AS autumn arrives and bugs and germs start to thrive, Worcestershire Acute Hospitals NHS Trust is encouraging everyone to ensure they keep their hands clean to stop germs from spreading.

Hands are one of the biggest spreaders of germs.  Hand washing with warm water and soap is the most effective and inexpensive way to prevent the spread of germs and infections.  Studies show it lowers the transmission of diarrhoea and colds both at work and home as well as in NHS facilities.

The NHS is asking everyone to wash hands regularly during the day, using warm water and soap, to prevent spreading germs.  Hands should be washed after every trip to the toilet and before and after preparing food.

In addition those that are visiting NHS facilities should follow instructions on hand hygiene by either using soap and water or hand gels provided. This is to help reduce infections like MRSA and Clostridium difficile inhospitals. 

Anyone visiting patients should ensure hands are cleaned before entering or leaving a ward or clinical area.

To encourage staff, patients and visitors to wash their hands initiatives are in place across the trust’s hospitals, including movement activated recorded messages, played to remind people to use hand-gel as they pass by and eye-catching floor posters telling people to stop and wash their hands before entering ward areas.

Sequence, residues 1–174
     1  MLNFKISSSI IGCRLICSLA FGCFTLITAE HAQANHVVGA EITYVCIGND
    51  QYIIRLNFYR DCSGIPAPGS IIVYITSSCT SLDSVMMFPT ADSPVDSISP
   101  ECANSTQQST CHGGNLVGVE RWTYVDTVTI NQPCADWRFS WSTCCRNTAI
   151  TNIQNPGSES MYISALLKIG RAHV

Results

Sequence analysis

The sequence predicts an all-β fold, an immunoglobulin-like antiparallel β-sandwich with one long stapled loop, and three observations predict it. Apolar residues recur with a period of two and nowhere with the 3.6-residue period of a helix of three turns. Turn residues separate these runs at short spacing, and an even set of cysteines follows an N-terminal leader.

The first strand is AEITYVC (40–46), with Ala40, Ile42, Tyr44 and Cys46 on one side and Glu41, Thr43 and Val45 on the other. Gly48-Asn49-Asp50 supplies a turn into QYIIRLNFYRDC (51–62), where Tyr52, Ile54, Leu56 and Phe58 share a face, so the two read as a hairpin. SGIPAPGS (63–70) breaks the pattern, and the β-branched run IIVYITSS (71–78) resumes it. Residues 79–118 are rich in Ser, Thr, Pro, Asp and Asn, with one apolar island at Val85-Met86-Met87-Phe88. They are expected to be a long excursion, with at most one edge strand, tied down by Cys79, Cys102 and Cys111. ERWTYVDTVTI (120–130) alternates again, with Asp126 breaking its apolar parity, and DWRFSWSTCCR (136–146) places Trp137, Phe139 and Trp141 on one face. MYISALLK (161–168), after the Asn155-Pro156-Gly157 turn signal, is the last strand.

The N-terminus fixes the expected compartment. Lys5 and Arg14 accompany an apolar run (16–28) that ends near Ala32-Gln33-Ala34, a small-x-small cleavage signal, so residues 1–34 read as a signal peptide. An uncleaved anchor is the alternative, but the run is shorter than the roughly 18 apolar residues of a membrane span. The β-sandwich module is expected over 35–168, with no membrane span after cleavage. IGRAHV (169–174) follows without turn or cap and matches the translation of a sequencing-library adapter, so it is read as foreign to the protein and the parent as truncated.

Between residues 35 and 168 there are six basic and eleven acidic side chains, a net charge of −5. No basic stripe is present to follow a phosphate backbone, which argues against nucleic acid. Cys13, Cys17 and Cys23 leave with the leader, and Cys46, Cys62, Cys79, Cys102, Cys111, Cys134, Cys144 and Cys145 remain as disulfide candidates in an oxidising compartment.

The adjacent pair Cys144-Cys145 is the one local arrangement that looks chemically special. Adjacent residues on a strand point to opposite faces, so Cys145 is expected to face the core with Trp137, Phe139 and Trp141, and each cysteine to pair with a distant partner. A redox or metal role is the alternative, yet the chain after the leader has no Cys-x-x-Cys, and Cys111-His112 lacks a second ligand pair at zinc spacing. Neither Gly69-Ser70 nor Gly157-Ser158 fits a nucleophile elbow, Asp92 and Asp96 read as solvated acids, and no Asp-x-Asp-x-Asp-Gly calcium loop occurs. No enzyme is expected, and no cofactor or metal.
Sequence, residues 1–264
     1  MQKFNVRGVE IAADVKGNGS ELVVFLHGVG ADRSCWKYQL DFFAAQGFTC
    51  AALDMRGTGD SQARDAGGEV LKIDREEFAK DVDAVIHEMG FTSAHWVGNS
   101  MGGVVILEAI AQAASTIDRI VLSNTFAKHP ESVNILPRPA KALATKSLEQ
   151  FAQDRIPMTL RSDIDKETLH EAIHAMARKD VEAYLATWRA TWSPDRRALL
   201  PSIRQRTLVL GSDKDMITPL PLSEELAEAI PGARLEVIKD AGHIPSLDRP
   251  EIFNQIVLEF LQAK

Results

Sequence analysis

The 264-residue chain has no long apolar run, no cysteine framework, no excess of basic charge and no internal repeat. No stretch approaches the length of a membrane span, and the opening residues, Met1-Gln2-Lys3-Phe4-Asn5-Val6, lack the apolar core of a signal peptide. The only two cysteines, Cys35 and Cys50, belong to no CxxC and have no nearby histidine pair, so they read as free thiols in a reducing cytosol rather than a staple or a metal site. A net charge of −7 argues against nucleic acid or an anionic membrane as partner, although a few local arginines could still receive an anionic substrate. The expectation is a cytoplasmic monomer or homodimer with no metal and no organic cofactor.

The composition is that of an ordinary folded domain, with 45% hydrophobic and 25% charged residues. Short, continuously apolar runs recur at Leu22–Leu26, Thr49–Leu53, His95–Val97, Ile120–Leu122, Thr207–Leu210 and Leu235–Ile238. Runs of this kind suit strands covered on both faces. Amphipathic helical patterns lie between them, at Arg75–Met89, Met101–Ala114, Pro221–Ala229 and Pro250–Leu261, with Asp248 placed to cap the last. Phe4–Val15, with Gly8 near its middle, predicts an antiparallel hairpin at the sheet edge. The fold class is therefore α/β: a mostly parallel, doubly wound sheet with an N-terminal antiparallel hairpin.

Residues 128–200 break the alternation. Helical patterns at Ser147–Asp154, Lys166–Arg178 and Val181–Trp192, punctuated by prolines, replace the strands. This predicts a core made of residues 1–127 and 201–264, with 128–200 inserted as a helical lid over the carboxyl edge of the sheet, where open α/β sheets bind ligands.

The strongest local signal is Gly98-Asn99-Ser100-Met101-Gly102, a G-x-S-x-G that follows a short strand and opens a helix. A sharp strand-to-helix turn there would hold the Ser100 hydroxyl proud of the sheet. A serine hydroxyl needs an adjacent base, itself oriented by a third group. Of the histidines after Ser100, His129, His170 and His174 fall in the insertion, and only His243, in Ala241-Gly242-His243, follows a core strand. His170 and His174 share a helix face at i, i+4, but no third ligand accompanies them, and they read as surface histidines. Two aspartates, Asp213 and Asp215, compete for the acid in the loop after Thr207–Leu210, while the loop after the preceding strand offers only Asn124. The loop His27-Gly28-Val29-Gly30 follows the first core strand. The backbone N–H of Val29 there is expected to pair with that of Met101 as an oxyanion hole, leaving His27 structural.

Jane Smith, head of nursing at the Alexandra Hospital, Redditch, said: “We want everyone to stay fit and healthy this autumn and winter. By preventing germs from circulating we can all play our part in helping to reduce the spread of flu, stomach bugs and other winter illnesses as well as healthcare associated infections such as MRSA and Clostridium difficile. 

"By washing your hands with soap and water and making sure they’re dried properly you can significantly reduce the number of germs circulating and reduce your chances of getting ill.

“Reducing MRSA and Clostridium difficile in our hospitals is a top priority for the trust.  Just three inpatients were identified with MRSA bloodstream infections in 2011/12, our lowest figure to date.”